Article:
Where will Foster Sarell, the top-ranked offensive line recruit in the class of 2017 end up? It likely comes to Washington and Stanford.
It’s about four months until the 2016 season begins and less than 9 months until the recruiting class of 2017 can sign their National Letters of Intent. With fierce recruiting battles underway for the top recruits in the country, it’s a good time to get to know the players who appear poised to become college football stars in the near future. So far, we’ve analyzed Najee Harris, Dylan Moses, DeAngelo Gibbs and Devon Hunter, the top-rated recruits in the class of 2017, according to Scout.com. This week, it’s Foster Sarell, the No. 5 player in the class.
Name: Foster Sarell
Rank: No. 5 overall, No. 1 offensive tackle
Height/Weight: 6’6”, 300 lbs
High School: Graham, Wash.
Commitment status: Uncommitted
Scouting evaluation (from Scout.com)
Sarell looks like a college lineman right now and checks off every box you could want in a next level player. He's a natural tackle prospect with the feet and athleticism to play on the left side but also has the toughness and nastiness to play just about anywhere on the line. He has a basketball background and it's obvious when you see him play because of how coordinated he is and how well he moves around. His upside is tremendous.
As the No. 1 offensive tackle prospect in the recruiting class of 2017, Sarell boasts reported offers from just about every major program, especially those on the West Coast. He’s not saying much about any favorites, but his decision is likely to come down to Washington or Stanford. Sarell and his family care a lot about academics, so Michigan, UCLA and Notre Dame could make a strong push, too.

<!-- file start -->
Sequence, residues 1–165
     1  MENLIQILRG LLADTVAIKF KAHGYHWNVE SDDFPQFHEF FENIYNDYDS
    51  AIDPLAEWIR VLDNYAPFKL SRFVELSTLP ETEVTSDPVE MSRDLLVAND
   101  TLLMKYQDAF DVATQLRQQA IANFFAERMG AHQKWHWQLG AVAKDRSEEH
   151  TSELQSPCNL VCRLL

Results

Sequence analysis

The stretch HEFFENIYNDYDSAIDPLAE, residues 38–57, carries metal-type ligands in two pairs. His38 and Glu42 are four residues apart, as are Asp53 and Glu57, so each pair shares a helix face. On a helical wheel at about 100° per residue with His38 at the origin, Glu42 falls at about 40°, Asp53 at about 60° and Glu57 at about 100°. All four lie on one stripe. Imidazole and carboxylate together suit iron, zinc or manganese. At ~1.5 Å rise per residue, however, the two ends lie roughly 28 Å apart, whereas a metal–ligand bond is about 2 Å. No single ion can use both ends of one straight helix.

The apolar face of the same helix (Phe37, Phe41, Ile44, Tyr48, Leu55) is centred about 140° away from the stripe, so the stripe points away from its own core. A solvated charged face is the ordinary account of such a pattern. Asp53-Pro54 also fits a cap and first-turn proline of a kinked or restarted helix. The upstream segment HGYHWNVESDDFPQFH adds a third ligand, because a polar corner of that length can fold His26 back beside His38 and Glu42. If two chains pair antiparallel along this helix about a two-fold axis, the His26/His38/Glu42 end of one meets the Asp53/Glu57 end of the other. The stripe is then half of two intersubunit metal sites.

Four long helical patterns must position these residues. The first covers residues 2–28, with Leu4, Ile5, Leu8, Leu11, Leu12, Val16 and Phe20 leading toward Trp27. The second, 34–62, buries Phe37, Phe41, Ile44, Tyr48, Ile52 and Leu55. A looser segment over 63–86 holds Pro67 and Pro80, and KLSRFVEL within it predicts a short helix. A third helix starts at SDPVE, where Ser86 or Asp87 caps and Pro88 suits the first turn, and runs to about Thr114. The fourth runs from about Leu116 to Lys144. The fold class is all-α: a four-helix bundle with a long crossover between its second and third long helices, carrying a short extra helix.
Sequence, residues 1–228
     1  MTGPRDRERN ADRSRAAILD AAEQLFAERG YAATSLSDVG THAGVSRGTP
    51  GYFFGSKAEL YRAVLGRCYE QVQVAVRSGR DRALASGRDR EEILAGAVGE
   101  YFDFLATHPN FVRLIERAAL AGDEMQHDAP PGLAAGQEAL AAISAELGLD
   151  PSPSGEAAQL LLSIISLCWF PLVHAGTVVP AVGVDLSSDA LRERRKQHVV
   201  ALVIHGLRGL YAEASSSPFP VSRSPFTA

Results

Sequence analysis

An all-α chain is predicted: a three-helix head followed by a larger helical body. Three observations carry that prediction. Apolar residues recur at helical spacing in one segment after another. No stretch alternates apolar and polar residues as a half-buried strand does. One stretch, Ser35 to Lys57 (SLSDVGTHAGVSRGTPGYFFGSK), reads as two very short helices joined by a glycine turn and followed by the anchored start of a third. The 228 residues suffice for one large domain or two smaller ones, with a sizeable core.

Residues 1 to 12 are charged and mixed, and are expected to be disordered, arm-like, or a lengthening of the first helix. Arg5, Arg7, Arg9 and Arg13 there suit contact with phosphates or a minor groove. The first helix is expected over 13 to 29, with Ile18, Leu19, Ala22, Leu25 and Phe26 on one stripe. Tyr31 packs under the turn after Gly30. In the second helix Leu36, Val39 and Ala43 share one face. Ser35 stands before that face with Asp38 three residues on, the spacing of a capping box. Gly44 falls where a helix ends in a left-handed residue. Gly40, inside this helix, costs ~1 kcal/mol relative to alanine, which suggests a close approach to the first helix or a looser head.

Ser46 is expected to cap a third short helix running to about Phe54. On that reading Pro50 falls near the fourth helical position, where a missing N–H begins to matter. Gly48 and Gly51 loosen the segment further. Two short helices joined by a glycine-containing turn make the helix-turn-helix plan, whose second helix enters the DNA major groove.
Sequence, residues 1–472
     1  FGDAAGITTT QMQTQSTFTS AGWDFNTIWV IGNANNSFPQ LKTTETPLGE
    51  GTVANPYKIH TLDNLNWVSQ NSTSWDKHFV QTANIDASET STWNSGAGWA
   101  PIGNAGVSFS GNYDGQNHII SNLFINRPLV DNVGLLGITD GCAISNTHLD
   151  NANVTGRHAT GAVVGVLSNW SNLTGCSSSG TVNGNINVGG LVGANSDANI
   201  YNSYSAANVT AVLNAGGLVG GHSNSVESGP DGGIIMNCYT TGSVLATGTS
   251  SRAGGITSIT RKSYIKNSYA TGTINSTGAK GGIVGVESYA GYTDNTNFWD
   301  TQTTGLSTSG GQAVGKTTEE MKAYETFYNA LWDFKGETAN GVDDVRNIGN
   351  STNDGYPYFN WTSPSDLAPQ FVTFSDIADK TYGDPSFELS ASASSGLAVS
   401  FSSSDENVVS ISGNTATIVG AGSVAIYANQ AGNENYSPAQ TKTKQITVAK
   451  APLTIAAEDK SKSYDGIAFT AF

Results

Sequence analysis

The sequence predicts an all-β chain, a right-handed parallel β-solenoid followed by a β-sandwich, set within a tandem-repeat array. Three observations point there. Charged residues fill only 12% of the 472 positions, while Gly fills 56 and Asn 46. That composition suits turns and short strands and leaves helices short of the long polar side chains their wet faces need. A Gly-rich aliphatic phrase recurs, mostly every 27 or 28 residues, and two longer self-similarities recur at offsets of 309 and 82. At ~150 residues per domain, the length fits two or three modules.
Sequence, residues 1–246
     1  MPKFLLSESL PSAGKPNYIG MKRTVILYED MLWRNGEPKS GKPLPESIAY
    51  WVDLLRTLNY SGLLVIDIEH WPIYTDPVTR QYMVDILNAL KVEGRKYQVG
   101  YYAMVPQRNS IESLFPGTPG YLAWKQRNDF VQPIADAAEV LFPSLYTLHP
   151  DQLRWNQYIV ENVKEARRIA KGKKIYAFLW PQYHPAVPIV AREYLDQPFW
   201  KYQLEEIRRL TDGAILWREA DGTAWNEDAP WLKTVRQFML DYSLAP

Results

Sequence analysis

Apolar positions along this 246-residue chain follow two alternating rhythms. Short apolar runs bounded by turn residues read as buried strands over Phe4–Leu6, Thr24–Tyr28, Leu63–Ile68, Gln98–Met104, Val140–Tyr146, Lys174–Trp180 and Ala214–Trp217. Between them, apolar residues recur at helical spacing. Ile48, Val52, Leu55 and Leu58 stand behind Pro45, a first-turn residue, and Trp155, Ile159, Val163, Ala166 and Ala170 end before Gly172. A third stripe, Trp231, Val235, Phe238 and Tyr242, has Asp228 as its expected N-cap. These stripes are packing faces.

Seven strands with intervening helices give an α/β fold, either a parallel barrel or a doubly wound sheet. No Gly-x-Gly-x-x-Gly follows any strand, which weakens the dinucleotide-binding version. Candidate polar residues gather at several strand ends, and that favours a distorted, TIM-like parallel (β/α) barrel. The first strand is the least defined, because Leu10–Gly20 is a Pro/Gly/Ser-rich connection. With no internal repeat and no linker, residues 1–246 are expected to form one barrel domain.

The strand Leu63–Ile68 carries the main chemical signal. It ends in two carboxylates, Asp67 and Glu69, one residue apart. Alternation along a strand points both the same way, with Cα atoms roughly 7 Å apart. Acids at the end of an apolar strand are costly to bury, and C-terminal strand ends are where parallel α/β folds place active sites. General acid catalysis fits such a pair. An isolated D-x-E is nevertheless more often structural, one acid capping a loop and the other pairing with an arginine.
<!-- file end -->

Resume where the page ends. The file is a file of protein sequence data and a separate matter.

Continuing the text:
Sarell visited Stanford for the Cardinal’s Junior Day this spring and raved about the experience. “I loved it at Stanford,” he told Scout.com’s Brandon Huffman. “It is a great place to be.” Sarell has Notre Dame scheduled for his next visit and he also plans to take another trip to Washington after checking in on the Huskies last fall.
Sarell is spending his spring with the track team for Graham Kapowsin High, competing in the shot put and discus. He plans to attend The Opening’s Seattle regional in late May and hopes to compete in The Opening finals in July.
How he fits
No matter where he ends up, Sarell figures to slot right into the first-team offensive line. He has the size and athleticism to compete at the college level as a freshman, and his technique is solid, too. He is the first top-ranked offensive line prospect to come out of Washington since Scout.com began compiling rankings in 2002.
If Sarell chooses Washington, that’d a huge in-state recruiting victory for coach Chris Petersen. The Huskies already hold commitments from two in-state prospects in the class of 2017 (four-star tight end Hunter Bryant and three-star running back Connor Wedlington) but missed out on the state’s top-ranked recruit in last year’s class when quarterback Jacob Eason signed with Georgia.
Washington appears to be poised for a breakthrough season under Petersen this fall thanks to a potent, young crop of talent, including sophomore left tackle Trey Adams. Last season Adams became the first true freshman offensive lineman to start for the Huskies since ’12. Sophomore Kaleb McGary holds down the right tackle spot for Washington, so Sarell would likely have to begin his career with the Huskies in the interior line before moving to out to tackle once Adams or McGary leave for the NFL.
If Sarell chooses Stanford, he could follow the path of former five-star offensive line recruit Joshua Garnett, who went to nearby Pullayup (Wash.) High before pledging to the Cardinal and eventually becoming a first-round NFL draft pick. Stanford’s offensive line picture is less clear than Washington’s as the Cardinal lose three starters from last season. However, a program famous for its jumbo sets is never short on offensive linemen and looks to have another star in the making this year in David Bright. Stanford has had four offensive linemen drafted in the first two rounds of past five drafts, a track record that has to be appealing to Sarell.